How To Transform Supermarket Roses

“I must have flowers, always, and always.”  -Claude Monet

 

When it comes to styling and general cheer, flowers are essential. They provide an organic design element that is difficult to replicate. They can add a pop of color, and they just plain smell nice every time you enter the room. Throughout most of the year, we rely either on our garden (thank you previous owner and equal flower lover) or the farmers’ market for most of our flowers. There’s something so exciting about venturing outside and seeing new blooms and bringing a few inside to admire their beauty or about weekly trips to the market to see what varieties await.

However, in these long, cold winter months, our flower options are much more limited. Oh the times I’ve wished we lived near those enviable flower markets in larger cities! Generally, we try to rely on houseplants and greenery to add some life to our spaces this time of year, but sometimes you just need flowers. If you’re lucky, you may stumble upon a few lovely options at the grocery store like these beautiful tulips and blush peonies we found at Whole Foods before shooting our home for the holidays. Many times, though, it seems that when we’re in need of flowers and have very specific ideas about what type of bouquet will make the space, things seems to fall flat, and we just can’t find any blooms that wow us. Enter this special trick we first learned about from the amazing Jamie Beck of Ann Street Studio.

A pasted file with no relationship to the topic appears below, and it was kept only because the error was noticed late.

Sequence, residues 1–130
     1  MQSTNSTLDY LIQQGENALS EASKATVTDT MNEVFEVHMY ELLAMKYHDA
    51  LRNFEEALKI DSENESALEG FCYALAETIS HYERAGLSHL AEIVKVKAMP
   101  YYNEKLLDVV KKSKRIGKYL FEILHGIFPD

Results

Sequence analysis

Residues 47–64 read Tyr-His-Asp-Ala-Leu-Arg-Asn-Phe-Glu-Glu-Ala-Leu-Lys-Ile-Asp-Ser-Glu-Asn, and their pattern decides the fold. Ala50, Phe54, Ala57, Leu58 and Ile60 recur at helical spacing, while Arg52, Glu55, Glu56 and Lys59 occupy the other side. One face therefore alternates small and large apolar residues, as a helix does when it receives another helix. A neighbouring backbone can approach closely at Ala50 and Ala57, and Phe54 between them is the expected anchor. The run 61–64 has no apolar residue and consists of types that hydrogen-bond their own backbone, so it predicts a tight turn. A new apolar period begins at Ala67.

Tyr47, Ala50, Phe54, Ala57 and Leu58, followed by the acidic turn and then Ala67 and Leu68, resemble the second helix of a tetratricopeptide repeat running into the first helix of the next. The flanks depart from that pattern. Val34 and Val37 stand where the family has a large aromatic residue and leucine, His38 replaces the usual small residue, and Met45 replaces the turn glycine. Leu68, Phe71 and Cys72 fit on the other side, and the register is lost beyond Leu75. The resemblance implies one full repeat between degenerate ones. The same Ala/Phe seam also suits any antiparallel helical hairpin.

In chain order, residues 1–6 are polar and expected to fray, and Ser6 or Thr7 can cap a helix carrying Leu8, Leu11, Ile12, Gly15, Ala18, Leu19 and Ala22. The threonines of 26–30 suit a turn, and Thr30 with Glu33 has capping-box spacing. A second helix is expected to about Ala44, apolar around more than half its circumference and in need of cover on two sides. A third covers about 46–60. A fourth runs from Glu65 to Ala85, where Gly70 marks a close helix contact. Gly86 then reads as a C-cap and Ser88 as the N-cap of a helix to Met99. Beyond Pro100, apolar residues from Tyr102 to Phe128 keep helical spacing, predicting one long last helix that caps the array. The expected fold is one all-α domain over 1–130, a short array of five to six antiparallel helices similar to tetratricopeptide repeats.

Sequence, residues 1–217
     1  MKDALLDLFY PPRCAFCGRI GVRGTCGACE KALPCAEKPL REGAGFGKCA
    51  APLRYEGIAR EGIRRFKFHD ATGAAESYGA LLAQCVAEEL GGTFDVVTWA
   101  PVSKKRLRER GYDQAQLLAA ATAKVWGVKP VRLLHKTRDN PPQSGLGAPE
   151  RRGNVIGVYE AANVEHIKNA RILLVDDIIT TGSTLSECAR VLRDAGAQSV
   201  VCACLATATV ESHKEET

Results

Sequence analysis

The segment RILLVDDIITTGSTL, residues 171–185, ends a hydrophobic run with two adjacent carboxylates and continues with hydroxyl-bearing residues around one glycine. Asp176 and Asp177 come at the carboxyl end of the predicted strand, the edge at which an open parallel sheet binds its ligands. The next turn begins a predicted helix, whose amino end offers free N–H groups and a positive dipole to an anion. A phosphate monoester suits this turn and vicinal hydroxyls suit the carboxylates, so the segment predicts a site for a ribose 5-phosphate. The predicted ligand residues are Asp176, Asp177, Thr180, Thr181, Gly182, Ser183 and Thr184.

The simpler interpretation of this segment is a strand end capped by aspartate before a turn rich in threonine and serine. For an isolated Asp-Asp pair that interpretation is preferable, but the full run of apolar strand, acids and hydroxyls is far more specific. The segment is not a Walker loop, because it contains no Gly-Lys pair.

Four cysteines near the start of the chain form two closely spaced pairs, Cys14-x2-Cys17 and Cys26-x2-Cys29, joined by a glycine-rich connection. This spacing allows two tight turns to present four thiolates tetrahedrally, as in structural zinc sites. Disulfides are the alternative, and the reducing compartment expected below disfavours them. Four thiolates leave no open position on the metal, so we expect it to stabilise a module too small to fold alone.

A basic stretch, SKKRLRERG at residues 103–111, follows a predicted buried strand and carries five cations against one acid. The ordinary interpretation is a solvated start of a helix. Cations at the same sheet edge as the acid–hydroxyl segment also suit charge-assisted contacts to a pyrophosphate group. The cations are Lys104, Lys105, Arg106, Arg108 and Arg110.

Most grocery flower sections are often stocked with basic roses (often on sale!) in a variety of colors. However, these roses are rarely lush and rarely look as if they just made their debut from Bunny Melon’s rose garden. That doesn’t have to stop you, though. It’s possible to turn an ordinary bloom into something much more magical.

It’s a pretty simple process that requires a bit of patience and general ability to conquer your fear that you’re going to destroy a perfectly good bouquet. Basically, the idea is to slowly message each flower open petal by petal. It’s important to start with the outside layer and work your way in. Sometimes, you even have to remove the outermost petals to let the inner petals really open. The more you practice, the easier it will become to work with the flower rather than against it. Just as if you were drawing a rose, they have somewhat of a spiral pattern. I start by gently loosening the outer petals and then continue running my fingers along this spiral until I reach the center, at which point you can spread apart your fingers to open the full bloom further.

While this may shorten the life of the rose a bit, it’s less than you might think. Plus, roses aren’t particularly known for their longevity. If you’re careful to avoid any breakage, they’ll last even longer. There may be a few stems that require a bit more manhandling and that deteriorate a bit faster, but just toss them as they decline and continue to enjoy your nice full blooms. There’s nothing like flowers to lift the spirits, and this extra bit of work to create something even more beautiful is well worth it if you’re in a pinch or simply want to make your blooms a little more special.

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